Impunity is a huge driver of violence and Maranhao is one of the worst affected states. According to Brazil’s Pastoral Land Commission, a rural violence watchdog, of 157 land conflict killings in Maranhao between 1985 and 2017, just five ended up in court.

Amarante do Maranhao, a municipality of some 40,000 people is home to two large indigenous reserves; Governador and Arariboia. Together, a handful of indigenous lands and conservation units concentrate 70 percent of the remaining Amazon forest in Maranhao state.

According to Brazil’s National Institute for Space Research, just 25 percent of Maranhao’s previous 110,000 square kilometre of Amazon forest remains, the majority of which was cleared for agriculture and cattle ranching.

Recent data showed that across Brazil’s Amazon states, deforestation increased by nearly 50 percent during the August to October election period.

“Bolsonaro’s discourse throughout the campaign, that he’ll end Ibama [Brazilian Institute of Environment and Renewable Natural Resources] or the environmental ministry, this sends a message to those that commit environmental crimes, that they will be tolerated,” said Marcio Astrini, public policy coordinator for Greenpeace Brazil. “It has an immediate effect.”

Government data pointed to an overall increase of nearly 14 percent in Amazon deforestation in 2018 compared with the previous year, the worst result in a decade, which the government blamed on illegal logging.





Ibama destroyed several irregular sawmills in Amarante and the surrounding municipalities last year [Tommaso Protti/Al Jazeera]

Experts warn that unless deforestation slows, the Amazon will reach a point of no return and eventually begin to turn into shrubland.

“If the deforestation continues and passes 20 – 25 percent, there is the risk of the beginning of the process of the Amazon turning into Savannah,” said Carlos Nobre, one of Brazil’s leading climate scientists.

Nobre said that 16 percent was already gone and could be accelerated through climate change, global warming and forest fires.

Ricardo Salles, Bolsonaro’s environmental minister, has called climate change a “secondary issue” and environmental fines “”ideological.”

‘We have no resources, no support’

In poor rural Amazon towns like Amarante do Maranhao, many locals who depend on the timber trade for their income agree with Salles, leading to conflicts with authorities and indigenous groups.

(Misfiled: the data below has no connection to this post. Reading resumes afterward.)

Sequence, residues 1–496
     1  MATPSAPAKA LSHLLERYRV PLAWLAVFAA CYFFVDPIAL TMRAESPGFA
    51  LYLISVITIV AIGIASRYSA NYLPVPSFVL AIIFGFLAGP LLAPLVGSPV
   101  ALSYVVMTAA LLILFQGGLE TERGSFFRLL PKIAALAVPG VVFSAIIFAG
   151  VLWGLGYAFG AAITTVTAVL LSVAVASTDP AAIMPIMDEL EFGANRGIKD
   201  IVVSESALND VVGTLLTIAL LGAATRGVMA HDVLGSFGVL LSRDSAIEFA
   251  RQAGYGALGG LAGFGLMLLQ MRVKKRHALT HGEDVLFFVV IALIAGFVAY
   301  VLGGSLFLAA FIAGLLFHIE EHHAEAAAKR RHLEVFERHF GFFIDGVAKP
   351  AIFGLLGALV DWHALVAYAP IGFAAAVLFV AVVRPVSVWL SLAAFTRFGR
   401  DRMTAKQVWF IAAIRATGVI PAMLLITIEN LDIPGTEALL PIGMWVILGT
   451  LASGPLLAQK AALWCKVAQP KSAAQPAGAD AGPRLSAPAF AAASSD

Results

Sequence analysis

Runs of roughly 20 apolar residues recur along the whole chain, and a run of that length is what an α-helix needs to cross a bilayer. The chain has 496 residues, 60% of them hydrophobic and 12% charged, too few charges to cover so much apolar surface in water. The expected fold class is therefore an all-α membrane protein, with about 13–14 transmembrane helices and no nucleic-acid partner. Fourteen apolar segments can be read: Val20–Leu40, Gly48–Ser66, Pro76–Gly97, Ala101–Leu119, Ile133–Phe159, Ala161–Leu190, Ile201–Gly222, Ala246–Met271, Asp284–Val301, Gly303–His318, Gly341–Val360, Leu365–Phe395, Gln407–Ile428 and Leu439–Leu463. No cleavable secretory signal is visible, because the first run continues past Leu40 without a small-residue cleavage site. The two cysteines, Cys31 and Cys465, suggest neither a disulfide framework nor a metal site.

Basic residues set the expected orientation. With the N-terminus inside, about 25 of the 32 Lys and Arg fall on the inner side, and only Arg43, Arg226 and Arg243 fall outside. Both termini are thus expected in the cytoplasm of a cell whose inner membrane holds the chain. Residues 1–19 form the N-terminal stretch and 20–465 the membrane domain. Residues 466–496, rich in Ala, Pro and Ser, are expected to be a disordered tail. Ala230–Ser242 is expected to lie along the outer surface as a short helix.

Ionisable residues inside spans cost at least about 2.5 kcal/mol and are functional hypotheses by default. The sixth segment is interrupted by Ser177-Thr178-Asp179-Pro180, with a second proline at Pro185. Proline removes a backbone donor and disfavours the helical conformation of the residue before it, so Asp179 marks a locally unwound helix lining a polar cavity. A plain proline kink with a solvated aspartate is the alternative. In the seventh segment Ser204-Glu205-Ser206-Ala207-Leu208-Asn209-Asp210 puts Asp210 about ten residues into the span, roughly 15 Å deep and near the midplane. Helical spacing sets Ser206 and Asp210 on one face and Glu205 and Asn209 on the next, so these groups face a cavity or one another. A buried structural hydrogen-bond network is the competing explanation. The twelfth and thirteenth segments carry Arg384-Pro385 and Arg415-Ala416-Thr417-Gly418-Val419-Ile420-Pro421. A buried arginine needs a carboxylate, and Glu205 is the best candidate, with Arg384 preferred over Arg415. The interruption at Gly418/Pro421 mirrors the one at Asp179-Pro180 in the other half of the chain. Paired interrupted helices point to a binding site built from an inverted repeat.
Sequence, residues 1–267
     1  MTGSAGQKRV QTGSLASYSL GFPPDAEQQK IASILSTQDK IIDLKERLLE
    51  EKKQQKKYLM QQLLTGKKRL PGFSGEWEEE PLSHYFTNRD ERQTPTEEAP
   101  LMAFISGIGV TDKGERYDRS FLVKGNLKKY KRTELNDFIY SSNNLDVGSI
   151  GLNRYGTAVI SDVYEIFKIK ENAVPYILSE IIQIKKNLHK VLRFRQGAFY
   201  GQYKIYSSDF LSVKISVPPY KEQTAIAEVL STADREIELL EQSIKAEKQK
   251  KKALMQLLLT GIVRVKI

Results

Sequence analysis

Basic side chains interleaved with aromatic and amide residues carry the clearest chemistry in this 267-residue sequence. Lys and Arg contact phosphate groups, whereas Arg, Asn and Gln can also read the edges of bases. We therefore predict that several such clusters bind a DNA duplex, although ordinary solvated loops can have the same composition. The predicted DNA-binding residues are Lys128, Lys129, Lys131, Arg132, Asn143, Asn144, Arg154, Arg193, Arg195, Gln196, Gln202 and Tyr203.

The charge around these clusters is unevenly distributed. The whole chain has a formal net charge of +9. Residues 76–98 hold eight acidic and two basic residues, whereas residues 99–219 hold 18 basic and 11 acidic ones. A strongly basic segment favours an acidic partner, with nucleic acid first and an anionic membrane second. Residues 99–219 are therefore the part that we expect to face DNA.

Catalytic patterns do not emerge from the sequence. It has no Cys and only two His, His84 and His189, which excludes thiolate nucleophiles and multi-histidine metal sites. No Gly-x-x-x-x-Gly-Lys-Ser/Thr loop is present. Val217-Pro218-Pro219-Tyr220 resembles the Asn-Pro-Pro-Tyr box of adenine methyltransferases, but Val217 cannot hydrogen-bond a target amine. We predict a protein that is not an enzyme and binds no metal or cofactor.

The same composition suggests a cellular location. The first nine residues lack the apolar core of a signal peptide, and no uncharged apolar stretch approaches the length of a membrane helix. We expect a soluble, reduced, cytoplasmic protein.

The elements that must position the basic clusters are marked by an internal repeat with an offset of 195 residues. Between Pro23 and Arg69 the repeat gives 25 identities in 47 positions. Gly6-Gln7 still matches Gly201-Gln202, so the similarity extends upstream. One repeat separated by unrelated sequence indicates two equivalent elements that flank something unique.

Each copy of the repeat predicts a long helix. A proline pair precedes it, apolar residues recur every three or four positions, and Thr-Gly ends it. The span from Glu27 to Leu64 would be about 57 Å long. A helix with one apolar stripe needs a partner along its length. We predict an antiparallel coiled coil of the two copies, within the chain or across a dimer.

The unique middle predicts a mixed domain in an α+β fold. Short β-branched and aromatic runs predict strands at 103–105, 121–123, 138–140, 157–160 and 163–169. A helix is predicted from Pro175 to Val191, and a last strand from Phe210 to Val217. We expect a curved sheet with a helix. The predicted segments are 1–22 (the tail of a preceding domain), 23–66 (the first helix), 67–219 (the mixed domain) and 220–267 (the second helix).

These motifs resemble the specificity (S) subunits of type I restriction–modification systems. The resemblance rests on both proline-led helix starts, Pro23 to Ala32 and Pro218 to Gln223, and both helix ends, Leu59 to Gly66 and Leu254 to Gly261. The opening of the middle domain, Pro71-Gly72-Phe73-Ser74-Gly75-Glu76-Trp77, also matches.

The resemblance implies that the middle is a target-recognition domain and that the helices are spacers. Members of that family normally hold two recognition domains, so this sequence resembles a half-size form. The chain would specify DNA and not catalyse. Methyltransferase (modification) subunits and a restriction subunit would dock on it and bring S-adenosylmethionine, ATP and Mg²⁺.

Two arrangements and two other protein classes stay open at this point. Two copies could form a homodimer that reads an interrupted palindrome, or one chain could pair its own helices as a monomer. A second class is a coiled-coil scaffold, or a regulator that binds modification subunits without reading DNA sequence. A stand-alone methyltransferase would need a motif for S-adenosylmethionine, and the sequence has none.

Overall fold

Last year, Ibama destroyed several irregular sawmills in Amarante and the surrounding municipalities.

“The objective of destroying these sawmills was to protect the biodiversity inside of indigenous lands and conservation units,” said Roberto Cabral, surveillance operations coordinator of Ibama, who was once shot and injured by loggers in the region.

Rosinan Alves dos Santos, 43, said that he had worked at a sawmill that was destroyed by Ibama last year and that afterwards was unemployed for nearly eight months. Now working at another irregular sawmill, he said he could earn 50 Brazilian real (about $13) a day, more than Brazil’s minimum wage.

“They come here and destroy our jobs,” he said of Ibama. “For us, this is the only work we have.”

Roberto Cabral of Ibama said, “There is a false impression that the jobs that sawmills provide are providing prosperity,”

Cabral added that “if you look as cities where clandestine sawmills are present, the city doesn’t develop, because there are no taxes paid.”





Forest guards say that they receive regular threats [Tommaso Protti/Al Jazeera] 

Al Jazeera visited the Governador indigenous reserve earlier this year. For decades, the Governador reserve has been plundered by illegal loggers and in 2013, tribesmen set up an indigenous forest patrol guard initiative to keep the loggers out.

“Before, illegal logging in our territory was basically liberated,” said Marcelo Gaviao, 37, the leader of the forest guard. Marcelo Gaviao said he and other leaders receive regular threats.

But it’s far from stopped. It was here, last year, that Sonia Vicente Cacau Gaviao and José Caneta Gaviao, were killed when they were hit by a speeding truck local leaders say belonged to loggers.

Marcelo Gaviao also said that some indigenous on Governador are “co-opted”: that they pass information to loggers in exchange for payment.